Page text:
BELFAST, Maine — When organizers of the Belfast Ice Festival wanted to make the event a little more special by giving it a signature event, they decided to go big.
“Not everybody has a ski mountain, so what could we do?” Zach Schmesser, the director of Our Town Belfast, said Wednesday. “There isn’t a state of Maine Ice Carving Championship anywhere else. So we made it official.”
That means spectators will be able to watch on Saturday, Feb. 26, as up to 10 carvers, some in teams, take a block of ice and see what they can do to it. The event will take place in an empty lot at the corner of Cross and Main streets downtown, and the sculptures will be judged by three people, including Bouchard and Belfast Mayor Eric Sanders.
They’re competing for glory as well as prizes that have yet to be determined, Schmesser said. But he is sure the event will be fun.
“It’s completely open-ended. Folks provide their own tools, and everyone who has signed up has indicated that they’re an amateur, which is great,” he said. “It’ll be interesting to see what’s created from this.”
But that’s only part of the festivities.
In addition to the ice sculptures, ice bars and luminaries along a popular walking trail will all be featured in the second annual Belfast Ice Festival and first-ever State of Maine Ice Carving Championship, to be held from Friday, Feb. 25 to Sunday, Feb. 27.
On Friday night, those who have purchased tickets in advance can check out “Tastes of Belfast,” the festival’s kickoff event, which will spotlight food made in Belfast and prepared by Belfast restaurants. The featured ingredients? Potatoes from Penobscot McCrum and smoked salmon from Ducktrap River of Maine.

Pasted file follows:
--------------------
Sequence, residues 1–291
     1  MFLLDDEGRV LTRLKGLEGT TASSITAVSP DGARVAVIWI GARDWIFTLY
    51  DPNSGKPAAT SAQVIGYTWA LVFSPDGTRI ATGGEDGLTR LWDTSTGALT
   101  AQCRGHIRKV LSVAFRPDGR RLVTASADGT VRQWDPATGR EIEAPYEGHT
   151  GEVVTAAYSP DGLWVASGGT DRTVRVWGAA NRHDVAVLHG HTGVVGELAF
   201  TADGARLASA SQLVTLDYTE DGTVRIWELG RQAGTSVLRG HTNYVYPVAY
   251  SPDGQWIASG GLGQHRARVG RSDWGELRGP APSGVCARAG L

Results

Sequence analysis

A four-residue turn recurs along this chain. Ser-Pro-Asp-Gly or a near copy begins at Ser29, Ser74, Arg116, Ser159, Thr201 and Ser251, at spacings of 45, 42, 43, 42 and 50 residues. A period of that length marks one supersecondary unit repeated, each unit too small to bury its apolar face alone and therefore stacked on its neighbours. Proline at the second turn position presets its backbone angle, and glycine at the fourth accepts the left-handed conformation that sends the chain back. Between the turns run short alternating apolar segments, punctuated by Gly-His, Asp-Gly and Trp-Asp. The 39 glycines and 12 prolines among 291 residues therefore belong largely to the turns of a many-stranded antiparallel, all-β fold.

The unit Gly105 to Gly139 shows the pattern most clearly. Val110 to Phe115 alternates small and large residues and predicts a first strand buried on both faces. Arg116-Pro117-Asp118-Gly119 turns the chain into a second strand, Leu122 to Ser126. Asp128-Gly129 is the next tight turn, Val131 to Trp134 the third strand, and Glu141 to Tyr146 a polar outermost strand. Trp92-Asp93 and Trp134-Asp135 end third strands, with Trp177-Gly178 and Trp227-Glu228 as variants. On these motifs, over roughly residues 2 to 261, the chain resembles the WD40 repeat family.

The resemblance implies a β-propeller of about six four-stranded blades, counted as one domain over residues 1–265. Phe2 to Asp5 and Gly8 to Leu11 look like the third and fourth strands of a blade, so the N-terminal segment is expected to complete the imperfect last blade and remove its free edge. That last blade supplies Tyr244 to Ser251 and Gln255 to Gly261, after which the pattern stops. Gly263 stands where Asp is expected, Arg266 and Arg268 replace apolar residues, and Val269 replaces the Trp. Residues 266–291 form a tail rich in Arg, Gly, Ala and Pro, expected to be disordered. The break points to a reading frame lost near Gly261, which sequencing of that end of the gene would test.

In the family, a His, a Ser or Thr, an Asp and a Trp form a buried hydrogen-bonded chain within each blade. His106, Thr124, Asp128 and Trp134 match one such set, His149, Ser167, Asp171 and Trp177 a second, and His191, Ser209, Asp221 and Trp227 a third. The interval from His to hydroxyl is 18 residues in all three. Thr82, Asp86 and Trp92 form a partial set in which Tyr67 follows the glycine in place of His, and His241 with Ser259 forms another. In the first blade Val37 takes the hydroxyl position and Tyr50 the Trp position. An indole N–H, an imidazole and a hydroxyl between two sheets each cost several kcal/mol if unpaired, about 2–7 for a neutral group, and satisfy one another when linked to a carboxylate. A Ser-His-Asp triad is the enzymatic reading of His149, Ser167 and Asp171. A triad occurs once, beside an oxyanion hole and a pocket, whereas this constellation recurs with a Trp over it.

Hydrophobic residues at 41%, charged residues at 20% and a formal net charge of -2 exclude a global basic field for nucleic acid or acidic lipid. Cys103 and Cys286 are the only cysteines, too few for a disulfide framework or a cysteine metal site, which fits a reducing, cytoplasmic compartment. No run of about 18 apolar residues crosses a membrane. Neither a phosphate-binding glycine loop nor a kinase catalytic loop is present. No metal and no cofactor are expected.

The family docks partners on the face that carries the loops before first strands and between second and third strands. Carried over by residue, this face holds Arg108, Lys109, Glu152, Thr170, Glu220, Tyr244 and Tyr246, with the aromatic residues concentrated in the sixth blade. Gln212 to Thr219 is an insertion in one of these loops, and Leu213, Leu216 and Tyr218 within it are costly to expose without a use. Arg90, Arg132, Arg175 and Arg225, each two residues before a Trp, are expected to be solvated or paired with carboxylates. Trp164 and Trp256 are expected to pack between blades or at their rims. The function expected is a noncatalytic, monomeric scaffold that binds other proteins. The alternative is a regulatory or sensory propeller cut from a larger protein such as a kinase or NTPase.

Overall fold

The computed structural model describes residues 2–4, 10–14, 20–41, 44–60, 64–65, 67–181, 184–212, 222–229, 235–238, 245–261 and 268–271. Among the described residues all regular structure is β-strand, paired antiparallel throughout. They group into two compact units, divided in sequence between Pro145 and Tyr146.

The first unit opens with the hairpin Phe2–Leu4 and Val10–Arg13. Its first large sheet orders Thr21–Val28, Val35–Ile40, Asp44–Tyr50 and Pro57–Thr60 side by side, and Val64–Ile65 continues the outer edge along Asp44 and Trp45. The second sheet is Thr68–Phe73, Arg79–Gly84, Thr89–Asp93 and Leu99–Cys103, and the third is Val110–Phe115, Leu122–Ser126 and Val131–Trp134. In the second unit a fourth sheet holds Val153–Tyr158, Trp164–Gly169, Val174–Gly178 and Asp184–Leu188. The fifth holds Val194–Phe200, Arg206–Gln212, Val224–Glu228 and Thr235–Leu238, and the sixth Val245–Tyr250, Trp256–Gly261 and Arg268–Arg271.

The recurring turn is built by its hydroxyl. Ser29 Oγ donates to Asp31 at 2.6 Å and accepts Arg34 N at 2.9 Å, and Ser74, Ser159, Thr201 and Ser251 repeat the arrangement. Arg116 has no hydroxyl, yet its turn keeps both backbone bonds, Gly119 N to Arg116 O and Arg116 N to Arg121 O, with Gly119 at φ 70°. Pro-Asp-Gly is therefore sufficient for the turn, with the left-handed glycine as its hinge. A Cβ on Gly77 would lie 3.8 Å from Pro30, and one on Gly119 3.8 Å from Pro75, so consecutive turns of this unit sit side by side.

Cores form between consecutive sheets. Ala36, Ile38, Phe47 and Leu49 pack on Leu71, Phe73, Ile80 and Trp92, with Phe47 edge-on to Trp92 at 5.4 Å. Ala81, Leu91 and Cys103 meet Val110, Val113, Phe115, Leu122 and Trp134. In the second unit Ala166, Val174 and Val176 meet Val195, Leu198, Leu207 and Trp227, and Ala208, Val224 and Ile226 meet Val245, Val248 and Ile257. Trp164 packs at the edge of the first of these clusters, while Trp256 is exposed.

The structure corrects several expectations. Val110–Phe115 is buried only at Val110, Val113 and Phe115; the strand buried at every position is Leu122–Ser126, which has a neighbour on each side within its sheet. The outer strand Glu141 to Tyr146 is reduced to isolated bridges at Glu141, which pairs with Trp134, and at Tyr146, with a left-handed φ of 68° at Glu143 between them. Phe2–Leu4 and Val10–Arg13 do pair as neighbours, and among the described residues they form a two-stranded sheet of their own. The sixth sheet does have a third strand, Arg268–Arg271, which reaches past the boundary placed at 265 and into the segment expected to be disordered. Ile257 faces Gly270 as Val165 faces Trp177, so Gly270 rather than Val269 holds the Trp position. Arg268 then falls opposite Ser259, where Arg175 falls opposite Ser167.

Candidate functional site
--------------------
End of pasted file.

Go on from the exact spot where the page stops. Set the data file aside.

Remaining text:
“It’s a way to highlight those items,” Schmesser said.
On Saturday, there will be more events, including horse and carriage rides, a free showing of the movie “Ice Age” at the Colonial Theatre, an ice bar at Delvino’s Grill and Pasta House and a “Magical Luminary Trail” on a portion of the Belfast Rail Trail. A guided excursion will leave at 6 p.m. from the Belfast Armistice Bridge, with participants asked to wear footwear that correlates to whatever the weather conditions might be.
Schmesser said that despite uncooperative weather conditions, last year’s inaugural ice festival was a big success. Crowds of people watched in the rain as ice carver Jesse Bouchard of Raymond used power tools to turn 300-pound blocks of ice into sculptures.
“Despite the horrible weather, we had a ton of people downtown for that,” Schmesser said. “People were just looking for ways to get out of the house. When it was all done, we decided we needed to do it again.”
Although the festival is still more than a week away, so far the forecast seems promising, Schmesser said.
“Right now, the weather looks great for this — right around freezing and overcast, so hopefully the sculptures will stick around longer,” he said.